Chop job

20160116_102237As most of you may know, a standard m91 has a 28 inch barrel. That is ridiculous. There are several reasons to cut a Mosin barrel down.

First, a 28″ barrel looks funny on a Monte Carlo stock. A barrel that long is also difficult to manoeuver in dense brush, which is where most of my hunting spots are. Third, longer barrels have more “whip” than a shorter, thicker, profiled barrel.

Lets look at that last point in particular.

When a bullet is fired from its’ cartridge through a barrel several things are happening. We call this “internal ballistics”.

The basic idea is that when the projectile leaves the cartridge mouth it passes into the barrel. The barrel has spiraled grooves cut in it, called “rifling”. These grooves grab the bullet and impart a spin to it, so that when it leaves the muzzle, the bullet is spinning, like a football. This spin aids accuracy. While the bullet is still travelling through the barrel, several forces are acting on it. There is the pressure wave of the explosion in the casing, which pushes the bullet forward. Friction is created by means of the interaction between bullet and the rifling, which gives spin. Air resistance is also present, as the volume of air in the barrel must be displaced, but this is really minimal.

The “whip” in a barrel is a result of the friction between the bullet and the rifling. We know that every action has an equal and opposite reaction. As the bullet spins, the barrel will move in an opposing manner.  To be sure, the barrel posses more mass than the bullet and will not move as much as the projectile, but it moves nonetheless. After the bullet leaves the muzzle the barrel will return to its original position. A shorter, thicker barrel should whip less that a longer one. With less whip comes a higher degree of probability that the barrel will more consistently return to its true position after firing.

All this to say, a shorter, thicker barrel ought to be more accurate, especially over a longer shooting session.

On account of these reasons I shortened my Mosin barrel.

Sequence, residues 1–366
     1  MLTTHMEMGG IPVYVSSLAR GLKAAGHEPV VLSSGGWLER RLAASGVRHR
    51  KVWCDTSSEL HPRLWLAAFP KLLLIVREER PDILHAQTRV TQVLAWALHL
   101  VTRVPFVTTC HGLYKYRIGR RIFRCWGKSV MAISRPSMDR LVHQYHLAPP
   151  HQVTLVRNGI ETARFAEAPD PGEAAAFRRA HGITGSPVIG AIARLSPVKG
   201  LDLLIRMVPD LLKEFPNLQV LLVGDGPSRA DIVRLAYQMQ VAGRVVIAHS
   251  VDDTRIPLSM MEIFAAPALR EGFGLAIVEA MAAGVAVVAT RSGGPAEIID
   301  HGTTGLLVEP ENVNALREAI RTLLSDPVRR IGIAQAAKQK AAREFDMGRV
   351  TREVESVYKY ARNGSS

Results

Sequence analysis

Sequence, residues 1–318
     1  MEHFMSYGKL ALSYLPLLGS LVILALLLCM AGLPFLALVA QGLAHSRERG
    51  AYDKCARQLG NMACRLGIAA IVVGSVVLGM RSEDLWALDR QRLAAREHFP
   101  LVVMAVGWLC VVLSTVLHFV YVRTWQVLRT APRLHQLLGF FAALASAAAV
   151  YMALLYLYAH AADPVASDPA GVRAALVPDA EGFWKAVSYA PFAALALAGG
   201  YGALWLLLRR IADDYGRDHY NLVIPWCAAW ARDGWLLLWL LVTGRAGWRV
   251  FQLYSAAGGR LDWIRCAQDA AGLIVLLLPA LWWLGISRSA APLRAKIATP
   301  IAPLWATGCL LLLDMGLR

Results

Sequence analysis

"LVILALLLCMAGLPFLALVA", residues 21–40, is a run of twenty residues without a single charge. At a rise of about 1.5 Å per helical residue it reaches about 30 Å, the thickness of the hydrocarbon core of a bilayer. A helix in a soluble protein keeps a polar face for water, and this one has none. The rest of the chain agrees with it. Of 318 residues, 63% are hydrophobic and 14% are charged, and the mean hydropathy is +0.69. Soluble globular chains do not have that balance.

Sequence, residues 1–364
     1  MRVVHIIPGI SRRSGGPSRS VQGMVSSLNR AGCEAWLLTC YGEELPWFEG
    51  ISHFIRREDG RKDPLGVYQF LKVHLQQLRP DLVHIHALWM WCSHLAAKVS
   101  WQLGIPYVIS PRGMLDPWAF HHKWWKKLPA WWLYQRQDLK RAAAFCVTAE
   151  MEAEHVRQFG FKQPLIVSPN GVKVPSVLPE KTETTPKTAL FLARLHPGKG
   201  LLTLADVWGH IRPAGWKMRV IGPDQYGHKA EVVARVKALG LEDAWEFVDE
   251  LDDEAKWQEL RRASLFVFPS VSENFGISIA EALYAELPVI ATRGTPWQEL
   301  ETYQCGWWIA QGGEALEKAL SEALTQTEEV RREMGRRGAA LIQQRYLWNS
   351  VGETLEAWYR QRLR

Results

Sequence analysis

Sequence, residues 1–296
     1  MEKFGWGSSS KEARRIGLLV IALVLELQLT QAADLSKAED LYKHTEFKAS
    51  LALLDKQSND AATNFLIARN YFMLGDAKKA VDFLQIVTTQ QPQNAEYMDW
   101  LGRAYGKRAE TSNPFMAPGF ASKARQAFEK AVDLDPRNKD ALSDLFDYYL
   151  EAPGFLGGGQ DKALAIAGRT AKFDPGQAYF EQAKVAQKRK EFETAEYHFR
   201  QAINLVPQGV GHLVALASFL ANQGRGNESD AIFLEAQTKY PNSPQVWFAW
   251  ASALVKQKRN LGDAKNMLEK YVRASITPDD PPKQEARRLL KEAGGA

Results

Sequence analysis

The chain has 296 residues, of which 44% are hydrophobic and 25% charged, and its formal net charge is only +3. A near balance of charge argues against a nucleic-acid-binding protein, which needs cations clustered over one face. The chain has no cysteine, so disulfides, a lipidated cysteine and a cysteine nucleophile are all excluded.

Some other folks are better equipped than I in regards to tooling and such, so I have had to improvise somewhat. Before ya’ll start throwing the blog-o-bombs, hear me out. I cut my barrel down to 22″ with my angle grinder. After using my files and elbow grease, I switched to sandpaper and buffed the muzzle up.

As I do not have a crowning tool, I made use of my drill, a screw, and toothpaste. It makes a decent crown. A crown does not need to be much deeper than the bottom of the grooves. This method works pretty well, and for pennies on the dollar.

20160116_102539Insert the screw into the drill chuck, with the head sticking out. Put a dab of toothpaste on the screw head, and mill out the crown. Toothpaste acts as a grit paste. Move the drill in a circular motion so as not to wear any part of the crown more than another. It is important to get as even a bevel as possible.

We will cover accuracy and results in the final installment at the end of this series. Suffice it to say, the accuracy of this rifle improved over the course of this build. It doesn’t take expensive tools to do a job, nor to do it well. Time, some expertise, and a good idea of the end goal are worth just as much.

In the next post we will examine the drilling, tapping and mounting of the scope rail…




Hello all.

This is a new blog, one where I pursue a passion of mine, which is all things guns. Guns, gear, shooting, reloading, gunsmithy, news. Let the fun begin!20151230_154002